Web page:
CS402 Study Guide

Unit 2: The Basics of Protocols

2a. list and describe each of the layers in the Open Systems Interconnection (OSI) model and the TCP/IP model

  • What layer in the TCP/IP model combines the application, presentation, and session layers from the OSI model?
  • What layers of the TCP/IP model have the same function as the physical and data link layers in the OSI model?

When you look at the OSI model, you will see (from bottom to top) the physical, data link, network, transport, session, presentation, and application layers. The TCP/IP model includes the network access (link), internet, transport, and application layers.

As you can see, the application, presentation, and session layers are all combined into a single application layer in the TCP/IP model. Some elements of the OSI session layer are also included as part of the TCP transport layer. Similarly, the link layer of the TCP/IP model covers what the OSI model divides into the data link and physical layers. This diagram shows both models side-by-side and should help you visualize each model. Note that the internet and network layers in the two models have the same function.

All the functions offered by the physical layer and data link layer are covered by what the TCP/IP model refers to as the link layer, though note that some literature refers to the link-layer as the network access layer or the host-to-network layer. TCP/IP was originally developed for the military, and it was used for their first network, called ARPANET. Because of that, TCP/IP is the dominant technology used in industry today.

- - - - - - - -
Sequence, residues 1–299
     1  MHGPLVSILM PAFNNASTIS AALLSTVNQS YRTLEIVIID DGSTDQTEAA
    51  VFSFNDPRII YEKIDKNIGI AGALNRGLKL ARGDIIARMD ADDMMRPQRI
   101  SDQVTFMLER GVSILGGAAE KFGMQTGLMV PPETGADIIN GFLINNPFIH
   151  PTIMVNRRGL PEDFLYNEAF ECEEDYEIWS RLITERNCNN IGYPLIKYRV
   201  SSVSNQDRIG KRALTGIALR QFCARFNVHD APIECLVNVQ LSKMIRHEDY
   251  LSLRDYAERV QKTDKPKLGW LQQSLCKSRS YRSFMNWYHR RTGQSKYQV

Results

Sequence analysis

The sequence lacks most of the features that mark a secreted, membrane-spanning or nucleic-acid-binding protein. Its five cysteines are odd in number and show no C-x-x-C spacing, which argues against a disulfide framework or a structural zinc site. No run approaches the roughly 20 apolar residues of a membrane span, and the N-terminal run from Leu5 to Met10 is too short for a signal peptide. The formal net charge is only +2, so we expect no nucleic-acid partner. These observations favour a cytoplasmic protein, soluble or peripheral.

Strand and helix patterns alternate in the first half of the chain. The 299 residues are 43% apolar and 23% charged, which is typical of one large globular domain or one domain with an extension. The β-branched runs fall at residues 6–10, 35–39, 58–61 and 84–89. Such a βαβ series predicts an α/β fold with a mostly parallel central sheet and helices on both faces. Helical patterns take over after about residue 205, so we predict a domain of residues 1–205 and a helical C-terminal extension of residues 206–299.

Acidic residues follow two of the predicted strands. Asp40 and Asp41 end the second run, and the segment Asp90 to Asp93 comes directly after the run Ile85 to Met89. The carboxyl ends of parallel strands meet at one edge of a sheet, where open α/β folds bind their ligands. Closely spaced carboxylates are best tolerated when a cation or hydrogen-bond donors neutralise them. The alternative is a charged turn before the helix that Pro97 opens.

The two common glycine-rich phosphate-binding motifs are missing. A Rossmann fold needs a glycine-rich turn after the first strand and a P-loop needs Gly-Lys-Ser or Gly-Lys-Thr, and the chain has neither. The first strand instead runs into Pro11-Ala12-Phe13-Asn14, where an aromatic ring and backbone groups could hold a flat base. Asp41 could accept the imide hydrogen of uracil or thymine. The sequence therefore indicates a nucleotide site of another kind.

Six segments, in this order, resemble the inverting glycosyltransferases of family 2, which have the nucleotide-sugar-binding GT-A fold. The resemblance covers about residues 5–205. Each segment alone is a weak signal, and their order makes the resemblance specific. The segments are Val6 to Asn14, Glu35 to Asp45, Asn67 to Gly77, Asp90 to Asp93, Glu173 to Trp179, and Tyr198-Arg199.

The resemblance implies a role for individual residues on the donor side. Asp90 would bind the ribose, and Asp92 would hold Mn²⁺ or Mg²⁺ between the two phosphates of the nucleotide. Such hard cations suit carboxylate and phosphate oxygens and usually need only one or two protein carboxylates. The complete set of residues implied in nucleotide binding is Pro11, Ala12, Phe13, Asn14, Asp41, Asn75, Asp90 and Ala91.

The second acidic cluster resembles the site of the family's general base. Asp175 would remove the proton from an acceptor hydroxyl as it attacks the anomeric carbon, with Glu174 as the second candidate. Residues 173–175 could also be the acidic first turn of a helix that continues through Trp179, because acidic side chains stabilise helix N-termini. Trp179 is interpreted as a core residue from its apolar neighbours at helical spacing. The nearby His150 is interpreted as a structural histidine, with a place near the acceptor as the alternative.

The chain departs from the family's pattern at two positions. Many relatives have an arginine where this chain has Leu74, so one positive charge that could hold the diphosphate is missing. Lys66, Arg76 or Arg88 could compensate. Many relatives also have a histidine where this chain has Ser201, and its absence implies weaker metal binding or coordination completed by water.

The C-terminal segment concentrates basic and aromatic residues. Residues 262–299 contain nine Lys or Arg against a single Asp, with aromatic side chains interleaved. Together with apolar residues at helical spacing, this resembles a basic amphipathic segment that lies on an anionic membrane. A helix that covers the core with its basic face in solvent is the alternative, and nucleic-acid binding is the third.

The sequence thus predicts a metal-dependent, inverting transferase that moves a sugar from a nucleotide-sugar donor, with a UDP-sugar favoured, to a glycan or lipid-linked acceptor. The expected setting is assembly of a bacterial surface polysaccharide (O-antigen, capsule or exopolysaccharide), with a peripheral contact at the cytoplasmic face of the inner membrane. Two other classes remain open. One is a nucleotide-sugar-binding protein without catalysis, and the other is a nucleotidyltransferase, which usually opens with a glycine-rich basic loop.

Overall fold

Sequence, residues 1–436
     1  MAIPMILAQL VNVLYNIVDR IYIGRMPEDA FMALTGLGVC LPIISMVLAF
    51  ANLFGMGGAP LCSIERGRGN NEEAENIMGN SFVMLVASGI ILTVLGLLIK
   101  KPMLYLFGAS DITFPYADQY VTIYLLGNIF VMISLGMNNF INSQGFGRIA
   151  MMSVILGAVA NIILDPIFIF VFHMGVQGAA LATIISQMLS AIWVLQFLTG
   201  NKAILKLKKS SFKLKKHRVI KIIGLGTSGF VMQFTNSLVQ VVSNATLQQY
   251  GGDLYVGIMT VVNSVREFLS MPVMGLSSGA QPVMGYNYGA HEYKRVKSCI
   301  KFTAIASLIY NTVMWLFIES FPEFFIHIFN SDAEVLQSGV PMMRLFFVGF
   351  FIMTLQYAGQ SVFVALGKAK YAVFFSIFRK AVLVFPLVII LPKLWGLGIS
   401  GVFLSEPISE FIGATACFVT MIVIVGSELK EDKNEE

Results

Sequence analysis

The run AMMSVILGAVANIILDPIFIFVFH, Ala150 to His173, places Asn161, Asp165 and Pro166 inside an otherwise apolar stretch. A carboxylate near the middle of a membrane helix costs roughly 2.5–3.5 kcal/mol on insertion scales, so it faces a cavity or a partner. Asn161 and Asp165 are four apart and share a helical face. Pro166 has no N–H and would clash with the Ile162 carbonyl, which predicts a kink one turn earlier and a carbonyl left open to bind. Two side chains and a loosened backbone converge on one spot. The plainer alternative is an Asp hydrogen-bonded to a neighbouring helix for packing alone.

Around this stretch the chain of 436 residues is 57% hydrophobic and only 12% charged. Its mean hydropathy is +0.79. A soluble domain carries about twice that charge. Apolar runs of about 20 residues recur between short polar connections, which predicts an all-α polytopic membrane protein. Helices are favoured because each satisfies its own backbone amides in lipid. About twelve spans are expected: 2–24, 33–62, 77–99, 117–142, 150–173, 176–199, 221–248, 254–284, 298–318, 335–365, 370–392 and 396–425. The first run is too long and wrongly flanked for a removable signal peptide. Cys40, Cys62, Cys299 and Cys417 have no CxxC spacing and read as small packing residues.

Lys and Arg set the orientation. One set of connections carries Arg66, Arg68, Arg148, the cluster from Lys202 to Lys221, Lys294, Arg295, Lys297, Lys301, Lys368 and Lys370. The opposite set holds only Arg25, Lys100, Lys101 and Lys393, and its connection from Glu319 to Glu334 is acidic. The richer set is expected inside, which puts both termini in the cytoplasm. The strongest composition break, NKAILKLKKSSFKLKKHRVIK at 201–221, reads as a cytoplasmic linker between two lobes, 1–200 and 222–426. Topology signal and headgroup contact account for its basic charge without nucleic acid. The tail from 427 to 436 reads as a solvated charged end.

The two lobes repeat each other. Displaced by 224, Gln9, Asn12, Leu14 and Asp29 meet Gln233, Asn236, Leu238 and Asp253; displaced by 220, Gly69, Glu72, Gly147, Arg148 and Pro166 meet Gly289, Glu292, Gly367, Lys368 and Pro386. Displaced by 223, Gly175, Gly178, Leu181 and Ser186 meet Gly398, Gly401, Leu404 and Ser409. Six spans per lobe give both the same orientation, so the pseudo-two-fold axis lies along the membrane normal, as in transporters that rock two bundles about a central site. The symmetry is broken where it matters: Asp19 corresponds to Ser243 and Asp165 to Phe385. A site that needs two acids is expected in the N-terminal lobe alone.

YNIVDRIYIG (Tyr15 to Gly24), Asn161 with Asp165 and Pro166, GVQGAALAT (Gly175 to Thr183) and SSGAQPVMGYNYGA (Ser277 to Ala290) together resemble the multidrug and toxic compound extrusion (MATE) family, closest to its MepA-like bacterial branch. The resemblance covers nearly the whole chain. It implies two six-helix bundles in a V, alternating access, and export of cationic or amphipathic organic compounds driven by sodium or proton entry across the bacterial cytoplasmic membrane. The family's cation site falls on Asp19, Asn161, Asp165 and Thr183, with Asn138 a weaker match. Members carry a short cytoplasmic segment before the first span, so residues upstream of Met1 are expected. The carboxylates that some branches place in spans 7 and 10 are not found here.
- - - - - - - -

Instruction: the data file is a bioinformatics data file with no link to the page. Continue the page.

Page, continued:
Even so, elements of the original OSI data link layer are still in wide use. Ethernet frames are encapsulated in a frame that starts with a data link layer header that includes the data link layer address, otherwise known as the MAC address. Some authors consider a hybrid, 5-layer model that includes elements of both the OSI and TCP/IP models: Application-Transport-Internet-Data Link-Physical. Because this is a common way to refer to things, here is an overview of the function of each of the layers in this 5-layer model:

  • Layer 5 – Application: Includes the high-level protocols to run applications such as Telnet, FTP, SMTP, DNS, HTTP, SNMP. The TCP/IP model gets rid of the presentation and session layers from the OSI model and treats all three as a single layer.
  • Layer 4 – Transport: Referred to as the "end-to-end" layer, and is where communication between a source process to a destination process occurs.
  • Layer 3 – Internet: Referred to as the "Network" layer in the OSI model. This is the "routing" layer, where addressing information is carried by a header that allows packets to be routed all the way from the source to the destination regardless of geographical location.
  • Layer 2 – Data Link: Ensures error-free transmission of packets between two machines in the same physical network. The only way for two machines to talk is by exchanging data at the data link layer.
  • Layer 1 – Physical: Defines how data bits are transmitted across the network. It deals with media type, connectors, voltage levels, and so on.

To review, see The Internetworking Problem.